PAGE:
Wales Gas may well have acted againstthe wishes of the new Secretary of State for Wales, Mr. John Morris, in going ahead with their attempt, which proved abortive, to get on their site at Hirwaun, according to Mr. Roger Vallis. Following a meeting with Mr.Ioan Evans MP on the day before the confrontation in Hirwaun, Mr Morris probably wanted the Gas Council to stay their hand for at least another four days but the message did not get through in time. Mr. Evans intended to pursue the matter with Mr. Morris and the new Minister for Energy, Mr Eric Varley. “Even so”, said Mr Vallis, “I have no reason to believe the Gas Board will not make another attempt to get on to the site.”
The incident on the 15th March involved about 70 uniformed policemen and about 1000 protesters. Half the protesters were women and Mr Vallis explained the reason for this. The factories nearest to the site were manned by women and they were the ones who got there first when the alarm was raised. ”The women would have been pulled out and the men would have taken the brunt of the action”, he said, if the Gas Board and the contractors had persisted.
Even though the preparatory work had begun, the site was closed and from then on the British Gas Corporation were never able to regain the initiative and open the site.
Dynever Arms site
In September 1974, Aberdare Urban District Council is threatened with a £2 million pound bill if the Secretary of State revokes planning permission for the Hirwaun site.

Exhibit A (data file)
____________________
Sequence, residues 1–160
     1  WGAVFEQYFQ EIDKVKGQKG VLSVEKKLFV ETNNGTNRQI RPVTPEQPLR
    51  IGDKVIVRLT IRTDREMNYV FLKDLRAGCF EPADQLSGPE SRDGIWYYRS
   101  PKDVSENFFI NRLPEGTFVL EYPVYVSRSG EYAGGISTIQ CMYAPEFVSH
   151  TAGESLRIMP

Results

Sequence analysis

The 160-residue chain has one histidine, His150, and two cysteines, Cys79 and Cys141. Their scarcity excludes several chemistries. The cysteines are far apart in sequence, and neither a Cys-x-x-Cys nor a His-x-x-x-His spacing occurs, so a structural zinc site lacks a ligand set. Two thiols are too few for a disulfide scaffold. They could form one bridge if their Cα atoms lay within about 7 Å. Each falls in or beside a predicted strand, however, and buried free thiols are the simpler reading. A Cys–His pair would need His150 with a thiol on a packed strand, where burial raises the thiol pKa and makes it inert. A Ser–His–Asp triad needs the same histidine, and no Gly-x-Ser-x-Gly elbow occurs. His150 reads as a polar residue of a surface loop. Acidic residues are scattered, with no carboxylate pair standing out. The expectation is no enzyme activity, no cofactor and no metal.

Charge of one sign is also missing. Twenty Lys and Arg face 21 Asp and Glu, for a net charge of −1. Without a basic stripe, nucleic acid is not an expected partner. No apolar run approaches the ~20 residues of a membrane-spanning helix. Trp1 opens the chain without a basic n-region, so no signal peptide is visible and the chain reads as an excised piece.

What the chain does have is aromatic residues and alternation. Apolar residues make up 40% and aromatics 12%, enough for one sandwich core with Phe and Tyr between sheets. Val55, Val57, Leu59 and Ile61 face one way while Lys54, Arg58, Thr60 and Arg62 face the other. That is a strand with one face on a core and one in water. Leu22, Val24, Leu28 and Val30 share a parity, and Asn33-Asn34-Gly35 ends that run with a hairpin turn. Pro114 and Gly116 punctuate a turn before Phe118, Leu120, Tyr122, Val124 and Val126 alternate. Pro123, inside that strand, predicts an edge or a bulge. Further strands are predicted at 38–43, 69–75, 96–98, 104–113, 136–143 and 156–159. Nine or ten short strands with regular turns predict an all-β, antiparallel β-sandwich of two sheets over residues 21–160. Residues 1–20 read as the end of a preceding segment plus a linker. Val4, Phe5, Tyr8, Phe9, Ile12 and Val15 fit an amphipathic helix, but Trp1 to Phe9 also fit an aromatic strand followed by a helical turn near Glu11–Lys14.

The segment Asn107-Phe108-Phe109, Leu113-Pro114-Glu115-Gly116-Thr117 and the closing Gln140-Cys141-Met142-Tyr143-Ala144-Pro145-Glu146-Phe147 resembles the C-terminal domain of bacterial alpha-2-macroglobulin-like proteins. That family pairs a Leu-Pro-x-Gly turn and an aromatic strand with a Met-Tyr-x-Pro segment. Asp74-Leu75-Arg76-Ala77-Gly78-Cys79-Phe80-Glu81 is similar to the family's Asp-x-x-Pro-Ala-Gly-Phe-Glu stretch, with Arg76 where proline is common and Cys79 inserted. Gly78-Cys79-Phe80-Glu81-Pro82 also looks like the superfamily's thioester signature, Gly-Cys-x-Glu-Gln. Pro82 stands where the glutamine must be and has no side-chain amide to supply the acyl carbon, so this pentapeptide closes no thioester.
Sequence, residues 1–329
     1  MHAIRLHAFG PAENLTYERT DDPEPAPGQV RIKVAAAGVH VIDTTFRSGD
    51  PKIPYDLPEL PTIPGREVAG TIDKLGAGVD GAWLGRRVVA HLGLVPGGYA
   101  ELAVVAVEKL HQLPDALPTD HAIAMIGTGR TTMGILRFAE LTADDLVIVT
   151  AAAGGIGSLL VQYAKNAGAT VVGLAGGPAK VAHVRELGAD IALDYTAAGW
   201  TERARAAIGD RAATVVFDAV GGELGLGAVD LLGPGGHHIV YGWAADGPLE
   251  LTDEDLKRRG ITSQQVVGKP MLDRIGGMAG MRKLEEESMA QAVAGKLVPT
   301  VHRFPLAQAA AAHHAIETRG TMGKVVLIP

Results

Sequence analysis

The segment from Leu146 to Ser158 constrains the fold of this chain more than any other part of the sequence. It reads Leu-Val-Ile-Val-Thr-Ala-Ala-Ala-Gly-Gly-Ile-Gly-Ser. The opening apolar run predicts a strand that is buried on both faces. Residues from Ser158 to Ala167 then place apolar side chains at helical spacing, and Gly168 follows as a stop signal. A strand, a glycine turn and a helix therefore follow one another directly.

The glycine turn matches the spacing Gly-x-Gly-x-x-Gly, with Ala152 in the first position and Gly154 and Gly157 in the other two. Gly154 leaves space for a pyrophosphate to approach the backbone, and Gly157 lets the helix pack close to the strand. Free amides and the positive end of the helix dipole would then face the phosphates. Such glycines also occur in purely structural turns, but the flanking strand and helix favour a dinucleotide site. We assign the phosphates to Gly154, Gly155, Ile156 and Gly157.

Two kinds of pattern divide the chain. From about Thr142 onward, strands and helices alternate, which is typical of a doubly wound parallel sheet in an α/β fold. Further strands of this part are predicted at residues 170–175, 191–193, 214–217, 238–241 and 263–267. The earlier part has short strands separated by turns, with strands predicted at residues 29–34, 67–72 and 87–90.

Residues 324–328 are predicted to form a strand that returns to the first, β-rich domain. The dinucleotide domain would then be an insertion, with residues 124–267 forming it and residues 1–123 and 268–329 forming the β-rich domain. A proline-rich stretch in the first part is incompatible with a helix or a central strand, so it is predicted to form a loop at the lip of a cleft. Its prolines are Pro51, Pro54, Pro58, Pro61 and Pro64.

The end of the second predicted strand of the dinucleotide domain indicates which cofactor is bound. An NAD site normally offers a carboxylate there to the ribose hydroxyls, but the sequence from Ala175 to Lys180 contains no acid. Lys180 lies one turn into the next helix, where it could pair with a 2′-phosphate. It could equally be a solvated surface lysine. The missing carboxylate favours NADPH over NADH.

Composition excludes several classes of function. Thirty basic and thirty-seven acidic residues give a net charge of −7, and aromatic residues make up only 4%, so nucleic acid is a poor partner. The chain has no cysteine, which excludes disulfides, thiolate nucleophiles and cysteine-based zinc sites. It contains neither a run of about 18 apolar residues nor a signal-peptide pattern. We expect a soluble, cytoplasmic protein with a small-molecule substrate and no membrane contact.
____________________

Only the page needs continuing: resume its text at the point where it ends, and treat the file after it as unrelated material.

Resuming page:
In December, 1974 an alternative site at the Dynevor Arms is unanimously accepted by representatives of four valley councils.It is recommended to the British Gas Corporation and the Secretary of State for Wales but in January, 1975 – Wales Gas declare – HIRWAUN IS STILL THE BEST SITE.
June 1975 – A deputation from the Heads of the Valleys Standing Conference meet Mr Tony Benn (Energy Secretary 1975-1976) to tell him of the alternative Dynevor Arms site.
September 1975 – The Energy Minister, Mr Tony Benn, recommends that the British Gas Corporation apply for planning permission for 80 acres at the Dynevor Arms site and in December, 1975 British Gas Corporation lodge a planning application to install their ill- fated storage tank complex at the Dynevor Arms site.
It was to be 1977 before the Dynevor Arms site was accepted by the British Gas Corporation and in March/April 1978 theroadworks for the gas tanks at Dynevor Arms began. The work was carried out by Mid Glamorgan County Council and paid for by the British Gas Corporation. Construction work at the Dynevor Arms site is expected to be completed by 1982.